Location: Vegas, Baby! I’m much older than the other whippersnappers here, a baby boomer. I tend to be more snobbish about film, disdaining a lot of the multiplex fare for “cinema.” My favorite films: Woody Allen’s oeuvre (up until about 1990), The Godfather, The Graduate, A Hard Day’s Night, Pulp Fiction. Politics: Well, George McGovern was my political hero. I’m also a prickly atheist. Occupation: Poised to be an English teacher in Las Vegas. For many years I was an editor at Penthouse Magazine. My role on this blog seems to be writing lots of reviews and being the resident Oscar maven.

4 responses »

  1. Dylan Tichenor is one of our best editors. From Boogie Nights to the fantastic editing of Unbreakable and The Royal Tennenbaums and of course There Will Be Blood and more. Love his work.

  2. After seeing it, what are your thoughts on the torture issue JS? Would you say the film implicity or explicity condones the use of it, or is that an unfair allegation that has been been widely discussed?

    It’s interesting how some people within Hollywood have come out against the film on this basis, including veteran actor Dave Clennon and apparently well-known actors like Martin Sheen & Ed Asner.

  3. It was tough to watch the scenes objectively, because I knew about the protest before I saw it. In situations like this, I try to maintain the stance that it’s “only a movie,” not a documentary. I haven’t really followed all of it (I know Bigelow responded, but I don’t know what she said), but I found the sequences hard to watch, both because they are well done in an excruciating manner, but because I hate to think that the U.S. got any information through torture. But as you can see by my review, it doesn’t diminish my appreciation of the movie.

  4. Just got back from this, and I found it pretty underwhelming. In retrospect, it plays as if the filmmakers really wanted to portray the raid on screen, and had trouble filling out the rest of the movie around it.

    I keep reading what a tight procedural it is, but to me it’s pretty aimless and not all that interesting. There’s nothing to the story that we couldn’t have more or less guessed in general terms – there’s nothing all that exceptional, in procedural terms, to what they do except for the torture. Perhaps that’s why that angle is overplayed for no discrenible reason except for the sensationalism of it (quick quiz: what exactly did the interrogators learn during the torture sessions that was integral to finding UBL? Tough to say, isn’t it?).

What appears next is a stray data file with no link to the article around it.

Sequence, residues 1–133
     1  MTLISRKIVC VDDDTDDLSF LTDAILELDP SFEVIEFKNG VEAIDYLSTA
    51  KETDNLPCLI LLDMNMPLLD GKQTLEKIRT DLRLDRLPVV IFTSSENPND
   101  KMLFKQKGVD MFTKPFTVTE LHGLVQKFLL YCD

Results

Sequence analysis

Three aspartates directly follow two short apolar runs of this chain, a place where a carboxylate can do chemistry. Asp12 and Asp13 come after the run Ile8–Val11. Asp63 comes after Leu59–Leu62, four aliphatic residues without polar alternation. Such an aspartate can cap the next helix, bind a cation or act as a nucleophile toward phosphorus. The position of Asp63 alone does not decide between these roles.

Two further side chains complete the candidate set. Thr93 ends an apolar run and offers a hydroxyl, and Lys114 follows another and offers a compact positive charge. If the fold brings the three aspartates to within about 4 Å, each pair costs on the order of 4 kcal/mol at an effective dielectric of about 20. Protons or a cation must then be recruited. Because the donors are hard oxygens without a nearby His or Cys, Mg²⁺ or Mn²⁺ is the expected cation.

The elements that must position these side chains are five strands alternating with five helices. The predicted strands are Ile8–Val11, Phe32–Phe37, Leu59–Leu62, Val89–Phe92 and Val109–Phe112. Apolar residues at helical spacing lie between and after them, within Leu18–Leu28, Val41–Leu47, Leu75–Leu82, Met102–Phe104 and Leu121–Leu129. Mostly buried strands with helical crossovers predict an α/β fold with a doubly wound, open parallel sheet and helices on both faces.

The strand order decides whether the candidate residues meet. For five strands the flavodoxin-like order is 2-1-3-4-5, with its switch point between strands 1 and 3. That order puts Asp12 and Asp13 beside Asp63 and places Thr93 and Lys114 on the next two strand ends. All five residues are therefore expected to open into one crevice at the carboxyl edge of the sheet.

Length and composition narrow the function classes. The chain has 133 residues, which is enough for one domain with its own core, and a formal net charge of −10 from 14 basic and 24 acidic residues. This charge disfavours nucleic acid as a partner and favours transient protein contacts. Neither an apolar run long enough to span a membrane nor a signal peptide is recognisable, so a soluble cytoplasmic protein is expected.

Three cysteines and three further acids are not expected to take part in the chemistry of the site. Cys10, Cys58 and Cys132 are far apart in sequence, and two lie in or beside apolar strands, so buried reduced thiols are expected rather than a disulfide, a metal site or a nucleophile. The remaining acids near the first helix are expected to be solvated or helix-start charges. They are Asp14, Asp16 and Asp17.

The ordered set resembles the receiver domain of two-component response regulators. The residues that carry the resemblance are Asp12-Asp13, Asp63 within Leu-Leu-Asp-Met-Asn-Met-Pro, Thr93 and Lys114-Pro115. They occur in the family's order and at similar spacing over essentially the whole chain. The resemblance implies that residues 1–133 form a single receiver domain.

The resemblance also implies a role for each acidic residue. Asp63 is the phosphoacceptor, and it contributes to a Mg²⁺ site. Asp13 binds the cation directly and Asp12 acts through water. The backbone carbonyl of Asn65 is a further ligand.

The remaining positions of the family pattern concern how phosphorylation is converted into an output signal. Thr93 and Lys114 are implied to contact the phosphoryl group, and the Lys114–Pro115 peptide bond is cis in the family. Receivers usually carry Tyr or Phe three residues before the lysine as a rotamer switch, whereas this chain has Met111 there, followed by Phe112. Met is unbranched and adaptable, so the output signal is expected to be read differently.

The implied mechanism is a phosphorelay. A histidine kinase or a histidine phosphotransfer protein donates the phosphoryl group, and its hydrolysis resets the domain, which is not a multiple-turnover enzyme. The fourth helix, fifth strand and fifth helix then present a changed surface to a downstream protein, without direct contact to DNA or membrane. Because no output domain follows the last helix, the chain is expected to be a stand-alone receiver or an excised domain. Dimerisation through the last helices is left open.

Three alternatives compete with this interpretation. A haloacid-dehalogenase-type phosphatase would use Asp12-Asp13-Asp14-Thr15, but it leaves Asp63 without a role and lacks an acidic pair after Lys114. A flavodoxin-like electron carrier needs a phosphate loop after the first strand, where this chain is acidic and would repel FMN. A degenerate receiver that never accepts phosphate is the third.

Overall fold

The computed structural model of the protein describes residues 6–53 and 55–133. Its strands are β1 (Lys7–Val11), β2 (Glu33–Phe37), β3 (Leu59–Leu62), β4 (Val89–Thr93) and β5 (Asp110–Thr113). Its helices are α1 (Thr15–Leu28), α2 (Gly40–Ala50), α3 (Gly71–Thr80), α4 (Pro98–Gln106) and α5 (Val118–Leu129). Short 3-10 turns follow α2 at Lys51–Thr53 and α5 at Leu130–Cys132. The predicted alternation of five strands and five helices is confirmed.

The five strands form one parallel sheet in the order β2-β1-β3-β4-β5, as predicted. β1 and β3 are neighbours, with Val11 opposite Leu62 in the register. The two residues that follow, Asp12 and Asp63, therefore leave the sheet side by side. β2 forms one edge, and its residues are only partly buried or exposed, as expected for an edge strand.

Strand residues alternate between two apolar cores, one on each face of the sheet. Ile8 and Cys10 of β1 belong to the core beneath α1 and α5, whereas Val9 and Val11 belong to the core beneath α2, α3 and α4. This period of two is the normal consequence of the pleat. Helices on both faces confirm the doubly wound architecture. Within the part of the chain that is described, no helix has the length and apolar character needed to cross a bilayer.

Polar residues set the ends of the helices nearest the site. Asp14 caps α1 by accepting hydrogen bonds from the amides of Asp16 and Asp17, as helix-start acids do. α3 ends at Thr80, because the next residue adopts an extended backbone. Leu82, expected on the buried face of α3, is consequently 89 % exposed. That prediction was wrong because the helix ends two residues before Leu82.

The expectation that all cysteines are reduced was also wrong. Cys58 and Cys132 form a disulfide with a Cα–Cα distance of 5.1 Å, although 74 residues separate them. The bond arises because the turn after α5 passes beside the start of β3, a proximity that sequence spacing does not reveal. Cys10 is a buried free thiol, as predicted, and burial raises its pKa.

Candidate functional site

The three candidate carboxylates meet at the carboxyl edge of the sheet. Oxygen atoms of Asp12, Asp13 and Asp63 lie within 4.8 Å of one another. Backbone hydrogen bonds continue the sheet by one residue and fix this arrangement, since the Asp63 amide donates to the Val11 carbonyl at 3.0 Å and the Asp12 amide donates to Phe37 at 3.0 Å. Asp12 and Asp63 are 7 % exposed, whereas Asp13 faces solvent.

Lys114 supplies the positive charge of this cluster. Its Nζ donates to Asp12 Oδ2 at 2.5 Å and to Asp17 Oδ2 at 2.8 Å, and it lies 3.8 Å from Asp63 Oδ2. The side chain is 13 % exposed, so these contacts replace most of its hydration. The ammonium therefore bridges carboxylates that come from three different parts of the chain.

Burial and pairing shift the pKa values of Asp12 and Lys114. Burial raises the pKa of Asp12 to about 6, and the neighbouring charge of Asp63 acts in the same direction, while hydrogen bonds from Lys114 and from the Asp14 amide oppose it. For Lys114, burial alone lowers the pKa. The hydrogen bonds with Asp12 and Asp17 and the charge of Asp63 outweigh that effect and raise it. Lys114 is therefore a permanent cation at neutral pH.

Otherwise, I felt like the filmmakers themselves were occasionally bored, so we get random action scenes that are vaguely implausible on their own but really hard to take cumulatively. In particular, the compound bombing is absurdly stupid, even more so if it happened in real life in any way resembling the way it does in the movie.

    Perhaps the most interesting aspect of the movie is how ridiculously incompetent the CIA looks, which I suppose is inevitable given the CIA’s long dubious record of fail over the years. I mean, Maya’s insight about the courier isn’t exactly radical or even far-fetched, but nonetheless she takes years to get any traction within the organization and faces skepticism up to the end. And for all the focus everyone supposedly has about stopping the next attack, there’s never much reason to think that they’re successful at even that.

    But, I don’t think Bigelow is a thoughtful enough filmmaker to make much of this aspect of the script, and so we get a rather unimaginative story about the One True Hero who made it happen and an extremely simple-minded portrayal of the politics of the whole situation. Bigelow has action chops, and I agree that the climactic raid is extremely well done (even if it does jarringly take the story out of its erstwhile protagonist’s hands), and Chastain is excellent.

    But taken as a whole I think it’s a very dull-witted movie.